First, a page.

In late 2014, fledgling entrepreneur Josh Tetrick persuaded investors to plow $90 million into his vegan food startup Hampton Creek Inc. Tetrick had impressed leading Silicon Valley venture capital firms by getting his eggless Just Mayo product into Walmart, Kroger, Safeway, and other top U.S. supermarkets within about three years of starting his company.
What Tetrick and his team neglected to mention is that the startup undertook a large-scale operation to buy back its own mayo, which made the product appear more popular than it really was. At least eight months before the funding round closed, Hampton Creek executives quietly launched a campaign to purchase mass quantities of Just Mayo from stores, according to five former workers and more than 250 receipts, expense reports, cash advances and e-mails reviewed by Bloomberg. In addition to buying up hundreds of jars of the product across the U.S., contractors were told to call store managers pretending they were customers and ask about Just Mayo. Strong demand for a product typically prompts retailers to order more and stock it in additional stores.
Expense reports reviewed by Bloomberg show contractors bought back jars of Just Mayo from Safeway stores. Former workers say Hampton Creek also purchased its own products at Kroger, Costco, Walmart, Target, and Whole Foods locations across the country. While a November 2014 e-mail from the corporate partnerships team said the company would stop store buyouts, three former contractors who worked for the company in 2015 say the practice continued, and directions were given verbally.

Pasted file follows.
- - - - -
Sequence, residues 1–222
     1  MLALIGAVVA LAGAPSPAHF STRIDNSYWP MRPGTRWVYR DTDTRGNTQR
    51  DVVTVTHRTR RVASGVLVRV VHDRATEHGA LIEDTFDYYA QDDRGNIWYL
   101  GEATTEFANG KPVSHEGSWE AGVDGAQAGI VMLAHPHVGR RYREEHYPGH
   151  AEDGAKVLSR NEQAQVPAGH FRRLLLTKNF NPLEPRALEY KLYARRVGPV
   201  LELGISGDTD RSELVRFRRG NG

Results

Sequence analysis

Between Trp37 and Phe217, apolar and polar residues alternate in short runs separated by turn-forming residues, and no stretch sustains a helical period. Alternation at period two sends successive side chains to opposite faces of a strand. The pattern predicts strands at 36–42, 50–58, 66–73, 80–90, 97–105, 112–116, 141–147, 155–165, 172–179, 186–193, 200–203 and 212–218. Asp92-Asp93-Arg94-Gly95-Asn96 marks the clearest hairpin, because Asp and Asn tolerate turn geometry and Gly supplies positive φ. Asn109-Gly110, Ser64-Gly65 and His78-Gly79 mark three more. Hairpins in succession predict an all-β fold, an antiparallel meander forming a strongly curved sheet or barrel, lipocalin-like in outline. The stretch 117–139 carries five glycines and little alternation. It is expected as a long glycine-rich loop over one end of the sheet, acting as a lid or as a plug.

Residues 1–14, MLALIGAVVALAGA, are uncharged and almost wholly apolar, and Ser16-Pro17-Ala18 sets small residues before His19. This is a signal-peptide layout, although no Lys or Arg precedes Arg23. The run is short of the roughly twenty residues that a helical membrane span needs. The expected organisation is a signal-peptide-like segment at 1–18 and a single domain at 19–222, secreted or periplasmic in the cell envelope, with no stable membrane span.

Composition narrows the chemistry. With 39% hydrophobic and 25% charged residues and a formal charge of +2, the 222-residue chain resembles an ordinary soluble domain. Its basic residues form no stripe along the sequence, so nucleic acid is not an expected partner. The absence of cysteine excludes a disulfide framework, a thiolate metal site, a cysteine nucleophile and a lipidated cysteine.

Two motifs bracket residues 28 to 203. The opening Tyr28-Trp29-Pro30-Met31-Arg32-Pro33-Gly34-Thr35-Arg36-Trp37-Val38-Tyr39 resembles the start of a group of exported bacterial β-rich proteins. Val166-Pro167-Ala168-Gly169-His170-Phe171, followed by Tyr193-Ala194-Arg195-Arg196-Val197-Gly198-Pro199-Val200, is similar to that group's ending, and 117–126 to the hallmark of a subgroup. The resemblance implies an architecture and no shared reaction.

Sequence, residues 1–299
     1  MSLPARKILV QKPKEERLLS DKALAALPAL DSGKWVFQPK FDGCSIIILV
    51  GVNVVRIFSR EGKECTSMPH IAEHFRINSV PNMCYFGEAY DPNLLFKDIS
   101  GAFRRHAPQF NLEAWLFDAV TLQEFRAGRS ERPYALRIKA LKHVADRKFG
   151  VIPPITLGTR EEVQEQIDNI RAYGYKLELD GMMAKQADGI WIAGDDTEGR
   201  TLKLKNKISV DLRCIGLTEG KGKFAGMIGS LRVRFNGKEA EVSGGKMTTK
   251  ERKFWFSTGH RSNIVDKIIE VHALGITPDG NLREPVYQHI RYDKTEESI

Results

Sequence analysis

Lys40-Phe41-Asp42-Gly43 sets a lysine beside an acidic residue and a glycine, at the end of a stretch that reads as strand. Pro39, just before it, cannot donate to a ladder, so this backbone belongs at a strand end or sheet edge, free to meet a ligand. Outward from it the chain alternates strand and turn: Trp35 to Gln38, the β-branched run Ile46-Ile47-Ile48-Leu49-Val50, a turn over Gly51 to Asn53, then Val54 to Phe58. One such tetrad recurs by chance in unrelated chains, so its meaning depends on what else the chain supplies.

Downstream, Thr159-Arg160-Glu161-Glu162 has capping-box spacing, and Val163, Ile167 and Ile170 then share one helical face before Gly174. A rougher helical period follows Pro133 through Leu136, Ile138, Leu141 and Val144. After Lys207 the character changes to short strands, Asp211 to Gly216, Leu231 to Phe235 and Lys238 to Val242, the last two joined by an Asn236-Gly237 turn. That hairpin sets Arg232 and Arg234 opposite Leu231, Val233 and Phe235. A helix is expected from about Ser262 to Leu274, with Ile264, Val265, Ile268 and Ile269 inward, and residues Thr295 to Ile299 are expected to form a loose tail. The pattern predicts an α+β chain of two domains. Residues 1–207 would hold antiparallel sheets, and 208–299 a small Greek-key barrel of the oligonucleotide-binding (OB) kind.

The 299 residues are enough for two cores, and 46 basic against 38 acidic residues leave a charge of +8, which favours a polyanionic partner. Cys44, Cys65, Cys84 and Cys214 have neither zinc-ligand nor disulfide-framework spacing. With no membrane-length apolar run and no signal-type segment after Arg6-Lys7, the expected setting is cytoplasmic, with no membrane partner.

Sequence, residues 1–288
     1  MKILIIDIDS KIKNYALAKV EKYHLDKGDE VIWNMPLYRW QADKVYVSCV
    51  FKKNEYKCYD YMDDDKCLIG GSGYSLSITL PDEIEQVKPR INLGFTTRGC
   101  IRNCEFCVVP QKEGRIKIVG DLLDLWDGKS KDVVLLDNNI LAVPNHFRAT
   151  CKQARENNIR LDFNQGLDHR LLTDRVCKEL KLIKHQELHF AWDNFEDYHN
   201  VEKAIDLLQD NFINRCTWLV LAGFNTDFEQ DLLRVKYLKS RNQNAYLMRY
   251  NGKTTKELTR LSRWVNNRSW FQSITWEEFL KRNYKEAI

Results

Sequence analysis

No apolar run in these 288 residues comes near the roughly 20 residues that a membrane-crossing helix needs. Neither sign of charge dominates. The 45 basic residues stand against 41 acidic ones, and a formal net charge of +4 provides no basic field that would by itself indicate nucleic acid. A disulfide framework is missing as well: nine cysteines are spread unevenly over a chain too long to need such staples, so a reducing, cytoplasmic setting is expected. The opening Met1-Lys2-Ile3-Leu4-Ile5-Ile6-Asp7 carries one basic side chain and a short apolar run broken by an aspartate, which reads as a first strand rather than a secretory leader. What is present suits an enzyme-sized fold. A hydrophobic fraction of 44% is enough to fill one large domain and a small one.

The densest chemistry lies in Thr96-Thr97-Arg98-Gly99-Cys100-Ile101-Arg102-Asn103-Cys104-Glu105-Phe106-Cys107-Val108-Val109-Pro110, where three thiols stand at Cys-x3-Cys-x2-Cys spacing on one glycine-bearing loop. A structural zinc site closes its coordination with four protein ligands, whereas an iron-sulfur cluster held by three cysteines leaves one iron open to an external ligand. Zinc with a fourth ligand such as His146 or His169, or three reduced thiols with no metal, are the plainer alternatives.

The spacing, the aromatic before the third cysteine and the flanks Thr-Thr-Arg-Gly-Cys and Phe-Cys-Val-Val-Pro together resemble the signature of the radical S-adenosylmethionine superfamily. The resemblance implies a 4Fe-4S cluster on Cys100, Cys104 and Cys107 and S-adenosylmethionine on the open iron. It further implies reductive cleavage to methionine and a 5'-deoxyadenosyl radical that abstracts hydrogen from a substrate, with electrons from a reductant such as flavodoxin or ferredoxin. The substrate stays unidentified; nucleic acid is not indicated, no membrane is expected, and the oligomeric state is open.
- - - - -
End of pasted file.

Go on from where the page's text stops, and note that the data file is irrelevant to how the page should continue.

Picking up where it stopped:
“We need you in Safeway buying Just Mayo and our new flavored mayos,” Caroline Love, Hampton Creek’s then director of corporate partnership, wrote in an April 2014 e-mail to contract workers known as Creekers. “And we’re going to pay you for this exciting new project! Below is the list of stores that have been assigned to you.” Love’s memo also referenced a key competitor: “The most important next step with Safeway is huge sales out of the gate. This will ensure we stay on the shelf to put an end to Hellmann’s factory-farmed egg mayo, and spread the word to customers that Just Mayo is their new preferred brand. :)”
Tetrick, Hampton Creek’s chief executive officer, says the primary purpose of the purchases was to check the quality of the mayonnaise. “Because of this, we now understand the impact of trucking and shipping our product and enabled the system we have today that mitigates the risk of extreme temperatures,” Tetrick wrote in an e-mail. “Assessing the product from the customer perspective, more than anything, gets us out of the bubble of typical manufacturing. This was and always will be the primary purpose of it, which is why we’ll continue doing it.” Melanie Myers, an executive who worked in the company’s corporate partnerships team, says in a statement that the program was primarily for quality-control purposes but “we also thought it might give us a little momentum out of the gate.”